Officials may change Air Force fitness program

  • Published
  • By Staff Sgt. A.J. Bosker
  • Air Force Print News
Air Force health officials are proposing a change to the service's fitness program to help airmen place a greater emphasis on their overall health and well-being.

Many airmen incorrectly think that the Air Force fitness program is cycle ergometry, according to Maj. Lisa Schmidt, chief of health promotion operations in the Air Force surgeon general's office at Bolling Air Force Base, D.C.

"The Air Force fitness program isn't about the bike test," Schmidt said. "The fitness program is about eating healthy and exercising three to five times each week. The bike is just a tool we use to measure the effect of a personal fitness program."

According to Schmidt, the goal of the program is to encourage a mindset change in all airmen toward adopting a more proactive and preventive approach to health and fitness, thereby increasing the focus on personal readiness and not just passing a test.

Health officials are examining how they can align the Weight Management Program and the cycle ergometry evaluation together to make it a more comprehensive assessment of someone's health. This assessment will use a composite score to get an overall picture of an airman's health risk.

This change has been incorporated into "WarFit," a test program started at F.E. Warren AFB, Wyo., in February and at Los Angeles AFB, Calif., in May. The program will start Air Force Space Command-wide in January.

Health experts from the Air Force surgeon general's office, the clinical operations division of AFSPC's surgeon general office, and the health and wellness center at F.E. Warren AFB, along with physiology and human performance experts from Brooks City-Base in San Antonio helped outline the prevention-based program.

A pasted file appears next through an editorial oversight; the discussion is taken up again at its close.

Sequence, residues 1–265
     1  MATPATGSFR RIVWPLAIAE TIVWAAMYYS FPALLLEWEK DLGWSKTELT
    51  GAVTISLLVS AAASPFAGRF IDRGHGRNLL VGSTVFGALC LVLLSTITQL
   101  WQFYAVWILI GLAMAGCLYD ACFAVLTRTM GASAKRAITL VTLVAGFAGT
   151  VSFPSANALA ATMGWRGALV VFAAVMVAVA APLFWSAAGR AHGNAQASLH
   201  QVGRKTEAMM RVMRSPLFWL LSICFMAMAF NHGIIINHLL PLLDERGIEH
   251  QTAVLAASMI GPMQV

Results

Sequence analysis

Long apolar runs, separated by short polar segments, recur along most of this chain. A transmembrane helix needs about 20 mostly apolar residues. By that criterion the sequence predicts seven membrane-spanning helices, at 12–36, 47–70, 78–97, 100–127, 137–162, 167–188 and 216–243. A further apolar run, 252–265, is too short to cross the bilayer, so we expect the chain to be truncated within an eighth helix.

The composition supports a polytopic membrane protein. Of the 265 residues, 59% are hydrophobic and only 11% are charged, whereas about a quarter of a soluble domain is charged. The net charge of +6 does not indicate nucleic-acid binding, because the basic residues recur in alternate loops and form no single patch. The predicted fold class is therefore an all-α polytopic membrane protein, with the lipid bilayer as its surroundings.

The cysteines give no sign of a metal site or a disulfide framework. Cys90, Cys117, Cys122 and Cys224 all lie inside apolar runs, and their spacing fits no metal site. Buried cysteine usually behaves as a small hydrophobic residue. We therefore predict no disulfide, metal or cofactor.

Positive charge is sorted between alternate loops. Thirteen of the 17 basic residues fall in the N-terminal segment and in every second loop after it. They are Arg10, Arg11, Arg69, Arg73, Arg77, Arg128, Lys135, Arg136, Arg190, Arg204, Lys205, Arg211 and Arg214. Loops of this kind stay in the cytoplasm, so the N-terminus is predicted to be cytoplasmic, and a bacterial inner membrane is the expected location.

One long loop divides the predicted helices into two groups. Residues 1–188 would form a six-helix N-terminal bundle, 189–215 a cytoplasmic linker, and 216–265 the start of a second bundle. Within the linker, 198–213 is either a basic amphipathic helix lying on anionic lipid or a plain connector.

"We chose to base fitness-program evaluations on health risk assessments," said Col. Jon R. Pearse, 90th Medical Group commander at F.E. Warren AFB.

According to Pearse, aerobic fitness, body fat and muscular strength all play a part in a person's overall health and are what "WarFit" attempts to measure.

A person's score on the bike test and the number of push-ups and sit-ups he or she does will be combined with his or her body fat percentage to come up with the composite score. This score will be used to place the person in one of three health-risk categories: low risk, moderate risk or high risk.

Schmidt said that the proposed program puts a greater emphasis on prevention through earlier education and unit physical training programs. Airmen who are identified as being a moderate risk will attend a general Healthy Living Workshop that focuses on behavior change and general information for fitness and nutrition. High-risk members will receive more individualized and targeted intervention.

At F.E. Warren AFB, airmen categorized as high-risk are placed into a five-day-a-week, mandatory exercise program. Those classified as being a moderate risk will be put into a similar, three-day-a-week program. Those who were identified as being in the low-risk category are still encouraged to exercise three times a week but their activity is not monitored.

"The goal isn't to make this monitored-exercise regimen a punishment for those with a moderate- to high-health risk," Pearse explained. "The goal is to help these people successfully adopt a healthier lifestyle."

Airmen are provided with fitness and nutritional counseling, he said. They also can get help in setting up a structured exercise program targeted at improving their overall health and fitness.

After six months in the program, more than 90 percent of the participants identified as high risk were able to improve their fitness and scored in the low-risk category.

"I was astounded that so many improved so quickly," Pearse said.